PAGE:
Floribunda, Grandiflora, Hybrid Tea Rose
Rosa 'Queen Elizabeth'

Family: Rosaceae (ro-ZAY-see-ee) (Info)
Genus: Rosa (RO-zuh) (Info)
Cultivar: Queen Elizabeth
Additional cultivar information:(PP1259, aka Queen of England, The Queen Elizabeth Rose)
Hybridized by Lammerts
Registered or introduced: 1954
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Class:

Cluster-flowered (incl. Floribunda & Grandiflora)

Hybrid Tea

Height:

4-6 ft. (1.2-1.8 m)

6-8 ft. (1.8-2.4 m)

8-10 ft. (2.4-3 m)

Spacing:

24-36 in. (60-90 cm)

Hardiness:

USDA Zone 6b: to -20.5 C (-5 F)

USDA Zone 7a: to -17.7 C (0 F)

USDA Zone 7b: to -14.9 C (5 F)

USDA Zone 8a: to -12.2 C (10 F)

USDA Zone 8b: to -9.4 C (15 F)

USDA Zone 9a: to -6.6 C (20 F)

USDA Zone 9b: to -3.8 C (25 F)

USDA Zone 10a: to -1.1 C (30 F)

Bloom Color:

Medium pink (mp)

Bloom Shape:

Double

Flower Fragrance:

Slightly Fragrant

Bloom Time:

Late Spring/Early Summer

Blooms repeatedly

Habit:

Bush

Can be trained as a standard or tree form

Patent Information:

Patent expired

Other Details:

Susceptible to black spot

Susceptible to mildew

Prone to die-back

Stems are moderately thorny

Pruning Instructions:

Blooms on new wood; prune early to promote new growth

Soil pH requirements:

5.6 to 6.0 (acidic)

6.1 to 6.5 (mildly acidic)

Propagation Methods:

From softwood cuttings

From semi-hardwood cuttings

From hardwood cuttings

By grafting

By budding

Regional

This plant has been said to grow in the following regions:

, (3 reports)

Huntsville, Alabama

Smiths, Alabama

Vincent, Alabama

Scottsdale, Arizona

Surprise, Arizona

Canoga Park, California

Capistrano Beach, California

Fresno, California

Kennedy, California

La Jolla, California

Merced, California

Palmdale, California

Perris, California

Yorba Linda, California

Bartow, Florida

Gulf Breeze, Florida

Port Charlotte, Florida

Stuart, Florida

Atlanta, Georgia

Marietta, Georgia

Monroe, Georgia

Chicago, Illinois

Des Plaines, Illinois

Hampton, Illinois

Palmyra, Illinois

Washington, Illinois

Fort Wayne, Indiana

Macy, Indiana

Noblesville, Indiana

Shawnee Mission, Kansas

Barbourville, Kentucky

Boyce, Louisiana

Echo, Louisiana

Ferriday, Louisiana

Kenner, Louisiana

Slidell, Louisiana

West Monroe, Louisiana

Pikesville, Maryland

Saint Leonard, Maryland

Silver Spring, Maryland

Lowell, Massachusetts

Melrose, Massachusetts

Kansas City, Missouri

Jersey City, New Jersey

Albuquerque, New Mexico

Hornell, New York

China Grove, North Carolina

East Bend, North Carolina

Reidsville, North Carolina

Dayton, Ohio

Hilliard, Ohio

Oklahoma City, Oklahoma

Pawnee, Oklahoma

Lansdale, Pennsylvania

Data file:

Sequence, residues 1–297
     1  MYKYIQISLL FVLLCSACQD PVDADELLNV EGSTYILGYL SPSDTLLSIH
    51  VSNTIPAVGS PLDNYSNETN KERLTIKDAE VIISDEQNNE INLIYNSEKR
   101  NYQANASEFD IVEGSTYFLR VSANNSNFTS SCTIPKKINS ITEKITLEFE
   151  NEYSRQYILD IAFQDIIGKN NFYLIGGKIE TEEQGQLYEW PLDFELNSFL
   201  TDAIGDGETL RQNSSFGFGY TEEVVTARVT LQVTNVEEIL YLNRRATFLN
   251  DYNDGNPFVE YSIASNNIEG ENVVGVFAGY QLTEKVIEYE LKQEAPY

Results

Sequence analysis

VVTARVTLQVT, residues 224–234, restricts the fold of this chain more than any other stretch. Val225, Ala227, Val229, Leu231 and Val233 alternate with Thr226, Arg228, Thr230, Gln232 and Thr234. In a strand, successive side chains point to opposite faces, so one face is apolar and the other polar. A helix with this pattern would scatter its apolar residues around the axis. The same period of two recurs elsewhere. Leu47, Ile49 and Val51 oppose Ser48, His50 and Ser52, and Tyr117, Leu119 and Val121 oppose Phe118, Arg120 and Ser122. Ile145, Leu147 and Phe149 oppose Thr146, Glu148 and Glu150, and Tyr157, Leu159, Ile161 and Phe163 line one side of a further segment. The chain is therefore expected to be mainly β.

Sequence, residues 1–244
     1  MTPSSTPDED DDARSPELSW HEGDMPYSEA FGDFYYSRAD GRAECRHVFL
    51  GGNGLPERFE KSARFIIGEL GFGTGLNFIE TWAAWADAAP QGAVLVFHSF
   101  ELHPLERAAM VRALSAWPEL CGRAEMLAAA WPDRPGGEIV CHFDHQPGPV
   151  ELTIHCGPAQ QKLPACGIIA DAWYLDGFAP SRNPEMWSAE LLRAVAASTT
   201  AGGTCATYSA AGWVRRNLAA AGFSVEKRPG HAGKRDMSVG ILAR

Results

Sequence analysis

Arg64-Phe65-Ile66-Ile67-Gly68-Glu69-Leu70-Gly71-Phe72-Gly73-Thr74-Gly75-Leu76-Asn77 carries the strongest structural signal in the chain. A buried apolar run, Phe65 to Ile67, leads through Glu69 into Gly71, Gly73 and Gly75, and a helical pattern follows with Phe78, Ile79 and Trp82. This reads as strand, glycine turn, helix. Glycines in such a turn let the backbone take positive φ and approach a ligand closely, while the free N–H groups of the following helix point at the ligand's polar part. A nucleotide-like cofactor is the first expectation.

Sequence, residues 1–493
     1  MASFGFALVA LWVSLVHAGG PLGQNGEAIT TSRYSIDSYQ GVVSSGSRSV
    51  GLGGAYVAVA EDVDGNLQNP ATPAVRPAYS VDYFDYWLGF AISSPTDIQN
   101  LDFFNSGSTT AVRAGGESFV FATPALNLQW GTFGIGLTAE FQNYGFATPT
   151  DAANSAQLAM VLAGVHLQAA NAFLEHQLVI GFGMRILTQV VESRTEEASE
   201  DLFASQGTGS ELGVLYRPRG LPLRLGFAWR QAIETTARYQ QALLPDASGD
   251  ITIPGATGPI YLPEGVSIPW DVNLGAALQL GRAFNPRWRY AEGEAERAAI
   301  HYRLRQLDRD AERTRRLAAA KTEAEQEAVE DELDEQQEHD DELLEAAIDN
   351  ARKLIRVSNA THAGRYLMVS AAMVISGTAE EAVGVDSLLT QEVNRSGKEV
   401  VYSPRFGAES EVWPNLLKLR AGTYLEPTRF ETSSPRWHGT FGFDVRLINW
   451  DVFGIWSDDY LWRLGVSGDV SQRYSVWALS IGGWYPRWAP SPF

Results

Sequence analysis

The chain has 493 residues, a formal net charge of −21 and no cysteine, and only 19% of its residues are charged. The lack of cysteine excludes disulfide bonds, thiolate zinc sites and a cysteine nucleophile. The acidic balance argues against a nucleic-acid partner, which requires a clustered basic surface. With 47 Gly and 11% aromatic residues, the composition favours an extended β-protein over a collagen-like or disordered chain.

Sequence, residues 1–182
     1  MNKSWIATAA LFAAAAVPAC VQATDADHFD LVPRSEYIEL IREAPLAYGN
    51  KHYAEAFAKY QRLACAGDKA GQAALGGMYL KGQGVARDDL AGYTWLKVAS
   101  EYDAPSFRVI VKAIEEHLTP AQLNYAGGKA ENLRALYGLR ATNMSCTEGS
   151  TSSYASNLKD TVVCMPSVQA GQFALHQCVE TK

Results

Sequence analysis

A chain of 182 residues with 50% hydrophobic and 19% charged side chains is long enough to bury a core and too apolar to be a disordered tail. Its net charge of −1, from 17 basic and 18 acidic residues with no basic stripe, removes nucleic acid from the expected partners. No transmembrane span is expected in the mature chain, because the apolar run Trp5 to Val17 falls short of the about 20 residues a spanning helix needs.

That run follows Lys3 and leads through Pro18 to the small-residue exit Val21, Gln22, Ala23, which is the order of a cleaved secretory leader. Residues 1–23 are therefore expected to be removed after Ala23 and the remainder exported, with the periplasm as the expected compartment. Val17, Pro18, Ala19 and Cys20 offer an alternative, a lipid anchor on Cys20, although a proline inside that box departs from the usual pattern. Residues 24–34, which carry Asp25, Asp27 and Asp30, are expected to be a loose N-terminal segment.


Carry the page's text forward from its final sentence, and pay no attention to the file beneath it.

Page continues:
Lewisburg, Pennsylvania

North Scituate, Rhode Island

Duncan, South Carolina

North Augusta, South Carolina

Hixson, Tennessee

Knoxville, Tennessee

Maryville, Tennessee

Converse, Texas

Georgetown, Texas

Lufkin, Texas

Plano, Texas

Richmond, Texas

Rockwall, Texas

San Antonio, Texas

Sulphur Springs, Texas

Tyler, Texas

Victoria, Texas

Richmond, Virginia

Roanoke, Virginia

Sterling, Virginia

Olympia, Washington

Spokane, Washington

Brookfield, Wisconsin

show all

Gardeners' Notes:

16
positives
4
neutrals
1
negative
RatingContent
Positive

On Oct 8, 2013, madaboutplants from edinburgh
United Kingdom wrote:

We had a neighbour who grew this rose as a hedge. She told me she was able to get it flowering from top to bottom by pruning the stems to various heights. It works well. I have had my rose for many years and it just gets better. I do not grow other bush roses, I only grow climbers and ramblers but this flowers over many months. The foliage is not too susceptible to diseases and the flowers are a clear pink on long stems making it ideal for cutting. I like it so much I bought a second one. It gets morning and late afternoon sun. Is growing in a well drained peaty area near a fence which has clematis growing on it. It is over 10 foot tall and is totally self supporting. I live in Central Scotland in an area fairly open to strong winds from both the east and the west.

Positive

On May 14, 2013, SunnyTropicals from Port Charlotte, FL wrote:

This rose is incredible! It is growing happily in the full sun of Port Charlotte Florida. Zone 10B. It gets scorching hot here and this rose never backs down, year after year. It always has the biggest most beautiful blooms ever. Going to buy a few more.

Positive

On May 31, 2012, chicagods from Chicago, IL wrote:

My Queen Elizabeth is reaching 11-12 feet - not sure if this is normal or not. It is starting to look like a growing rose tree. From what I've learned by Googling, it doesn't look like I have a climbing variety. How large can I expect this to get?

Positive

On Nov 6, 2010, dontruman from Victoria, TX wrote: